Quiet Talks by Samuel Dickey: Gordon, Samuel Dickey - Quiet Talks with World Winners: 034. Somebody's Knocking at the Door

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Quiet Talks by Samuel Dickey: Gordon, Samuel Dickey - Quiet Talks with World Winners: 034. Somebody's Knocking at the Door



TOPIC: Gordon, Samuel Dickey - Quiet Talks with World Winners (Other Topics in this Collection)
SUBJECT: 034. Somebody's Knocking at the Door

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Somebody's Knocking at the Door

There's a soft, tender passion in the heart of God. Its flame burns steadily. It never flags nor dims. It's a passion for His child-man. And that very passion itself draws man to Himself with a drawing power that is irresistible. They can't resist being drawn, even though they may refuse to yield to it.

There is an answering passion in man's heart for God. It is often a sort of dumb longing, not clearly defined nor well understood. It is a mute yearning of his heart for God, though often he doesn't think of it that way. But it is there; for these two, man and God, belong together. They were together until sin drove its ugly wedge in between. They are a part of each other. Neither one is complete nor happy without the other.

The heart of God can be satisfied only as man comes back home to Him. And man's heart never rests until it finds rest in comradeship with God. These two are always drawing toward each other. God is always drawing man by the great master-passion of His heart. And man is always responding to that tender, strong pull in the underneath, mute yearning of his heart.

By and by the thing that keeps them apart will be gotten rid of. Sin will be shipped overboard, to fall by its own dead weight to the bottom of the sea. Then there will be glad reunion of God and man, their hearts in full glad accord again. To-night we want to talk together a bit about this answering passion of man's heart for God.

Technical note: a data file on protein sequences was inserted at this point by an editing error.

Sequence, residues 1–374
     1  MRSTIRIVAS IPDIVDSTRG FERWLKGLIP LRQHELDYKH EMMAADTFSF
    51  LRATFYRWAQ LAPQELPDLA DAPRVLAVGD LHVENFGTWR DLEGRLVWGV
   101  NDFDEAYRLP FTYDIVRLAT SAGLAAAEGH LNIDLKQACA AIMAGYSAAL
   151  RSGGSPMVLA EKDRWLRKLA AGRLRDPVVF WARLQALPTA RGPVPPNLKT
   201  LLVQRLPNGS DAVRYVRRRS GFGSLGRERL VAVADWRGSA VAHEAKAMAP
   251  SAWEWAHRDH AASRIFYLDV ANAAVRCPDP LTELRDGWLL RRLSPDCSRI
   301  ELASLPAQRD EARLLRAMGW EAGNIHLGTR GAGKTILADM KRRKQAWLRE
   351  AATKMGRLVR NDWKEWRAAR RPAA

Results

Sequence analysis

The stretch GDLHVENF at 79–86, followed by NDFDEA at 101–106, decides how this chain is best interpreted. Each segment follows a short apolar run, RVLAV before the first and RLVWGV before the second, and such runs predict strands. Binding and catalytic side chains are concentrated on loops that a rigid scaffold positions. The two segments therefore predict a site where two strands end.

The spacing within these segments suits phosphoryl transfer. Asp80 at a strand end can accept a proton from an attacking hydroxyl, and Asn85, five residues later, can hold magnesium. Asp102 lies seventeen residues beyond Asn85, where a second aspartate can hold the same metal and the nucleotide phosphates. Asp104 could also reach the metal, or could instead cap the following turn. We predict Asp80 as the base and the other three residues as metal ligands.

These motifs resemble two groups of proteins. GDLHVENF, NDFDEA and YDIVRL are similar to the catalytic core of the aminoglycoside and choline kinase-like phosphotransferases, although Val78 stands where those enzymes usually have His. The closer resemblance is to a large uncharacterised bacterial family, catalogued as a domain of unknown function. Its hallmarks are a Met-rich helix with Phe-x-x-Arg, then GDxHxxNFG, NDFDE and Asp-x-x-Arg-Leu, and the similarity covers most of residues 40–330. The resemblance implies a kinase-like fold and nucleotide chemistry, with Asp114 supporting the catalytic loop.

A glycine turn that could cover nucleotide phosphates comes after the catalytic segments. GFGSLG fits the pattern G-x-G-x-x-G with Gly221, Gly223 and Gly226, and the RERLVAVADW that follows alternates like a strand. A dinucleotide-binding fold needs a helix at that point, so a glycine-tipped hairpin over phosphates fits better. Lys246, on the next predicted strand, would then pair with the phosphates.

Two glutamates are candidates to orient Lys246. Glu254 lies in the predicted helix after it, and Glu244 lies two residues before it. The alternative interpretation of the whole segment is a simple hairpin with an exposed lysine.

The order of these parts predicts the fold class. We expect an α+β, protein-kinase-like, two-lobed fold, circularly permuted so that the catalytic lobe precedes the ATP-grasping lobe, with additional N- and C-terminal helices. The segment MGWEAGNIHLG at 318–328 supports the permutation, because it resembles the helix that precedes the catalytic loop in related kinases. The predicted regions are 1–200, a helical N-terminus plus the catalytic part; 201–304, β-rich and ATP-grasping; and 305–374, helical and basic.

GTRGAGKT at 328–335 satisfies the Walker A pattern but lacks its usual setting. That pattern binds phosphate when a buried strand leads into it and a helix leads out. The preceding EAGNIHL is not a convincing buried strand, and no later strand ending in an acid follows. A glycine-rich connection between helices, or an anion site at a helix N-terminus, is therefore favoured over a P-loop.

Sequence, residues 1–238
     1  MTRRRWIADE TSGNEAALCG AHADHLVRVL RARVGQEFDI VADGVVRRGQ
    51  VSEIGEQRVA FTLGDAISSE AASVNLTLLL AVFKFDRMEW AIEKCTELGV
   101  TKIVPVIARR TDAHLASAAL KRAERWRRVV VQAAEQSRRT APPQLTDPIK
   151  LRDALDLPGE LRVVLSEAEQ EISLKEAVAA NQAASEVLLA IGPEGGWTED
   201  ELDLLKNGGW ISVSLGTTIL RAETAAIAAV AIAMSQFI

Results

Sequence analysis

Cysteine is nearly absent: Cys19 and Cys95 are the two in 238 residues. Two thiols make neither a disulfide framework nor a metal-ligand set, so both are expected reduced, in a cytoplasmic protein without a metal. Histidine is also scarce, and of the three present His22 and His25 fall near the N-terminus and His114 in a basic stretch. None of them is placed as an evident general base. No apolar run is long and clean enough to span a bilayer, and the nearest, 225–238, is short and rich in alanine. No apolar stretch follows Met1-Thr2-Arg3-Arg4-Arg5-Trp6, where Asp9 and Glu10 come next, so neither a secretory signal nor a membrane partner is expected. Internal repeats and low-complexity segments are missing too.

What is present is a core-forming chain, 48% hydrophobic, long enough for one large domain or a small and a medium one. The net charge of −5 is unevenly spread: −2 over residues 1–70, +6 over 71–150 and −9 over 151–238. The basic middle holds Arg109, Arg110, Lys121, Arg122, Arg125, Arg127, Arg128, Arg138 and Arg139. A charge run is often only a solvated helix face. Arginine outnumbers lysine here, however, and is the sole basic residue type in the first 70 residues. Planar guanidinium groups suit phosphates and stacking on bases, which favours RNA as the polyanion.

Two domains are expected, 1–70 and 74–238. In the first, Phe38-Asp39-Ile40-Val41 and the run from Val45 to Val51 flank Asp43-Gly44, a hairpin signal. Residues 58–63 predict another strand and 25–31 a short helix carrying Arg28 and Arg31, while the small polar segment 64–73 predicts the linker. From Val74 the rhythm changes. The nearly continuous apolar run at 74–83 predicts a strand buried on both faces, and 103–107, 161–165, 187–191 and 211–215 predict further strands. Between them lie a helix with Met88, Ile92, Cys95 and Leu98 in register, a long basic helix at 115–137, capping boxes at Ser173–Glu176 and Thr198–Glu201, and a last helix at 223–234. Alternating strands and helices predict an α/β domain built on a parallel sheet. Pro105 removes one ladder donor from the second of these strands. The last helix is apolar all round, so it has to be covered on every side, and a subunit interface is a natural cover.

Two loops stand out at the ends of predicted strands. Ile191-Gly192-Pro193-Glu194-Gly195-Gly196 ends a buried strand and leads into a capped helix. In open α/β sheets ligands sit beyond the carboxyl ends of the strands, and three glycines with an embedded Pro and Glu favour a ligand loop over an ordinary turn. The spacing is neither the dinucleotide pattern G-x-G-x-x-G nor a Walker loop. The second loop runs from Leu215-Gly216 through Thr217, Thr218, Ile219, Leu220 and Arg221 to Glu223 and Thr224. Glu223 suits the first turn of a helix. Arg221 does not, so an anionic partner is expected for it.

The heathen world is knocking today at the door of the Christian Church. It has found out who has the fullest and truest information about God. And it is knocking loudly and earnestly at that door. And it keeps on knocking, though the door seems to be barely open yet; and a good many—most?—inside don't seem to have heard the knocking.

The most remarkable thing about the present time from the Church point of view is that the heathen peoples are asking for what the Master has told us to give them. The centre of Church attraction and of Christian action today is on the swing toward heathen lands.

When the Church began again, a hundred years ago, to enter the great heathen world, it had to use pick and axe, jimmy and chisel. It seemed like using burglar's tools. Certainly it was working in the dark, with only the burglar's dark-lantern to show the way. But now the heathen door is wide open. Instead of our knocking at their door, the heathen world is knocking at our door.

Our billion brothers stand in the night-time of their darkness blindly feeling for our door, and knocking, now timidly, now earnestly and loudly, ay, imperiously, for the light that we have. It has been a cold night for them, and a long night, too. But the darkest hour of it is already throbbing with the flood of coming light. They have found the door and are using it. The whole foreign non-Christian world is knocking with incessant, insistent clamor at our church door.